Feast Day of St. Michael and All the Angels

For the Christian communions in the West that formally observe the liturgical calendar (as well as for individuals in other traditions who play along *grin*), this is the feast day that commemorates the ministry of angels, especially the Archangel Michael. This celebration unites the liturgical and the charismatic spirit in Christianity, as it ritualizes a recognition of the presence and power of supernatural agents.

My mother has an extensive collection of angel collectibles, most of which are kept in a cabinet in the foyer of my parents’ home. As a faithful Southern Baptist who believes her Bible, she will tell you with 100% certainty that angels are real and and active in the world. She watched the television show Touched by an Angel when it aired on CBS. She sang along with the country music band Alabama whenever the song “Angels Among Us” came on the radio.

Being largely non-liturgical and non-charismatic, however, it seems to me that Baptists have been functional naturalists when it comes to angels. Perhaps those among us on the progressive end are convinced naturalists, demythologizing angels and demons alike. The discourse and literature of popular, New-Age spirituality may be rife with angel encounters, but the testimonies of Baptists have not. Our Jesus-centric devotion shoves aside other agents of grace. If others’ experiences have been different, I would like to hear about it.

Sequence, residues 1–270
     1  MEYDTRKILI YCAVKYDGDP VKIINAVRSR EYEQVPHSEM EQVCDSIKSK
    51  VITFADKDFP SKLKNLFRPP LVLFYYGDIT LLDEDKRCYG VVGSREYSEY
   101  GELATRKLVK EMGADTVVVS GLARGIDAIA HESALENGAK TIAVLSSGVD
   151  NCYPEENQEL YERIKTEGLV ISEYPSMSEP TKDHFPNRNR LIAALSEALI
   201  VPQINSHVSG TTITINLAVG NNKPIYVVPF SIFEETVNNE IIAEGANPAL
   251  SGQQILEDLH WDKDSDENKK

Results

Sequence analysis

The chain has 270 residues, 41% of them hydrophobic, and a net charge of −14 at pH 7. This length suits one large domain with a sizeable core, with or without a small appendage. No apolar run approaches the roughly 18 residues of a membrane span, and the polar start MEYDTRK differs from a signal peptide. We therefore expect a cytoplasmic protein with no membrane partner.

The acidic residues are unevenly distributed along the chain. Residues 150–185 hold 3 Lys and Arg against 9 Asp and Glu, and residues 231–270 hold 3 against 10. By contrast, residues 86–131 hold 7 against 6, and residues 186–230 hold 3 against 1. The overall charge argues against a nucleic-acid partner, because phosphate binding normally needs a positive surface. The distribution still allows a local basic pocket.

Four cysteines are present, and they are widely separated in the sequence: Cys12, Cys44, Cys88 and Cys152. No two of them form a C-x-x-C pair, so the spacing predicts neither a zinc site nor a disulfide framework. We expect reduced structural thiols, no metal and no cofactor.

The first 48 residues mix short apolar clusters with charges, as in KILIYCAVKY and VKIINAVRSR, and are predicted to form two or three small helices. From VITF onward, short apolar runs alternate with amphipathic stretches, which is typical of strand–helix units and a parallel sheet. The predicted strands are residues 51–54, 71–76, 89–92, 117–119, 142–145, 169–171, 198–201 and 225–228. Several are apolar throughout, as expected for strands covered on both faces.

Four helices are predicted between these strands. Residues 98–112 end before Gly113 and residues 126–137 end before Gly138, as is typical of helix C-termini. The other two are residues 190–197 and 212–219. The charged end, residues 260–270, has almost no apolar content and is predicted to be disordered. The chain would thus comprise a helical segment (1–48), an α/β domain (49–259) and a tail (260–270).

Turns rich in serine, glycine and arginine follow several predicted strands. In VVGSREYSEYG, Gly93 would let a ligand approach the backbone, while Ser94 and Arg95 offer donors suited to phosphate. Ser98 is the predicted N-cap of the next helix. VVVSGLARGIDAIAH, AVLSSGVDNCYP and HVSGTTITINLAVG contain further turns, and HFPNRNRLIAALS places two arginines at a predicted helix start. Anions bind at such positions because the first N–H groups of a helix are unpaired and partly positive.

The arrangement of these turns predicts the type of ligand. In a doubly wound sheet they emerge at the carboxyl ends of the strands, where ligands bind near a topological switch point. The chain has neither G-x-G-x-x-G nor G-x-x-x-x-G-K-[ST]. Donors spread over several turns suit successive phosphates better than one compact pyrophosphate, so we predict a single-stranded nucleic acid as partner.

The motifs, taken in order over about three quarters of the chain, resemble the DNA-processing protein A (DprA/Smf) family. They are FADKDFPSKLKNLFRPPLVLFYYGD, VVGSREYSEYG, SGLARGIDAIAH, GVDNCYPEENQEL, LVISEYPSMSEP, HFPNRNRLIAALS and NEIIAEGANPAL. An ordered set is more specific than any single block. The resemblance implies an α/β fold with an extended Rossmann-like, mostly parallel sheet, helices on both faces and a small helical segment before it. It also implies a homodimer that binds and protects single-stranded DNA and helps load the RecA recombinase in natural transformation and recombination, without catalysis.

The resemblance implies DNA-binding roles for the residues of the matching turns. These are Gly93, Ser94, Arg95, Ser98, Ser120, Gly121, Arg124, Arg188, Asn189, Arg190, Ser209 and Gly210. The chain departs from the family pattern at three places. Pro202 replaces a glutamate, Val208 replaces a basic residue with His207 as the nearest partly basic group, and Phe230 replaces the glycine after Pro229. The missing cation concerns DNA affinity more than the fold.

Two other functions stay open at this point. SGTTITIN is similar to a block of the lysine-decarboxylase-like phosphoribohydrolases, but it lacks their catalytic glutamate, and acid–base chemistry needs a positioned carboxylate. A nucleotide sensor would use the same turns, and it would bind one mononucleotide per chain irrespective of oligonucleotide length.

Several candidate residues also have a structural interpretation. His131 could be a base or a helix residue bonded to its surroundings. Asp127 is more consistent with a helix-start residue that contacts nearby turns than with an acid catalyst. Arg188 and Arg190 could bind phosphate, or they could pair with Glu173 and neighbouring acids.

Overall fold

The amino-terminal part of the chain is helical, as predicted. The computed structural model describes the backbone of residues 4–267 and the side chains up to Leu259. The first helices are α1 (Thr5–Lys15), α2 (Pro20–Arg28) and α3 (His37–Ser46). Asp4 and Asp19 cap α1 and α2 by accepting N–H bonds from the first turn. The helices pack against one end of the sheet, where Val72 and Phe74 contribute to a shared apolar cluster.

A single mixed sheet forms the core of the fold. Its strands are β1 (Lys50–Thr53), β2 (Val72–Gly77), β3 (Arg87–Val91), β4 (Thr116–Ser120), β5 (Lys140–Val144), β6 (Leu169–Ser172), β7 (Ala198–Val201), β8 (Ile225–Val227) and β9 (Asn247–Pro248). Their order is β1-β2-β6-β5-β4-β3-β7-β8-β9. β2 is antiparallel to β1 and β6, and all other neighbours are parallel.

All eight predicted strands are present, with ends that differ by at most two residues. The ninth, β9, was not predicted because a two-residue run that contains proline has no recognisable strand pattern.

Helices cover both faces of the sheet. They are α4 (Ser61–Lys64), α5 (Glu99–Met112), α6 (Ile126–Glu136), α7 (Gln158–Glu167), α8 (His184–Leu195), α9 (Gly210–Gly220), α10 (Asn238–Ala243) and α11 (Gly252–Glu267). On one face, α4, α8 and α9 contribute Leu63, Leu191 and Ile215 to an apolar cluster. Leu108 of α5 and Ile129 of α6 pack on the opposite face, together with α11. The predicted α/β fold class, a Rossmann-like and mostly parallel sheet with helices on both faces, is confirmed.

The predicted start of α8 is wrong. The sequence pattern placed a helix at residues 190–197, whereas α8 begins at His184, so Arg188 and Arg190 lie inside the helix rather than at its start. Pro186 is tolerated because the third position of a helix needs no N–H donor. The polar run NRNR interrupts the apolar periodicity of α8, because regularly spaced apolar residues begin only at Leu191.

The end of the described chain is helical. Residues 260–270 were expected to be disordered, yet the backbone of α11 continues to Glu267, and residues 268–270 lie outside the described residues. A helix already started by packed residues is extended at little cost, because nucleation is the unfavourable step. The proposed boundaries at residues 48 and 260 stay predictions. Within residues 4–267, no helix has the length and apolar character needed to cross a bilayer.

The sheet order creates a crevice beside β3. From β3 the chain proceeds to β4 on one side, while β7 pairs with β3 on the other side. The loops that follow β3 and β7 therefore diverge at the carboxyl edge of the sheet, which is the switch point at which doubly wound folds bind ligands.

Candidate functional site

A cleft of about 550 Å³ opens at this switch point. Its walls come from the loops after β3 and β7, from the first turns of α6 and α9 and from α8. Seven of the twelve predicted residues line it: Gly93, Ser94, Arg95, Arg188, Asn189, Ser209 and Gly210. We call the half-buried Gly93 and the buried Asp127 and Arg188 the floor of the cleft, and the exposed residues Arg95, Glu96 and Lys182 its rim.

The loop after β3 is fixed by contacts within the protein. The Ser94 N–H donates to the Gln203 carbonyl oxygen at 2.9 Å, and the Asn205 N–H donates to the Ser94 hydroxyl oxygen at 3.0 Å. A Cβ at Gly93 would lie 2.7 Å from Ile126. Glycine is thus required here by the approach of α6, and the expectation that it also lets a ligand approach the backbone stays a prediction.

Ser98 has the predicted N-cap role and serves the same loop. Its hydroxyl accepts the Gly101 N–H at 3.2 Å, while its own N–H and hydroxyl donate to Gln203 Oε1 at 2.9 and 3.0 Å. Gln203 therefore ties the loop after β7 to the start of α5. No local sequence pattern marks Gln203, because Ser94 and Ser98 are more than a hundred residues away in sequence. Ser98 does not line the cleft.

I don’t think about angels often and I have no personal experiences that I might consider to be angelic encounters, but the thought of angels does fill me with a sense of the numinous. Whatever, wherever, and however they may be, angels have a way of enchanting me. So I do look forward to this feast day each year.

The image below is the cover of a contemporary edition of Charles W. Leadbeater’s posthumous work, Christian Gnosis. Leadbeater (1854-1934) was a Theosophist and founder of the esoteric Liberal Catholic Church. I post this cover not as an endorsement of the contents of Christian Gnosis per se, but because it features what is perhaps my favorite image of an angel. The angel displays a beautiful panoply of colors on its garments and wings. It treads upon the clouds, but its gaze is upward still as it swings a thurible filled with burning incense. The appealing portrait of the angel draws me in, but ultimately to invite my gaze upward so that I, too, may be “lost in wonder, love and praise.”

I believe there are angels among us.

Everlasting God, you have ordained and constituted in a wonderful order the ministries of angels and mortals: Mercifully grant that, as your holy angels always serve and worship you in heaven, so by your appointment they may help and defend us here on earth; through Jesus Christ our Lord, who lives and reigns with you and the Holy Spirit, one God, for ever and ever. Amen.
The Book of Common Prayer


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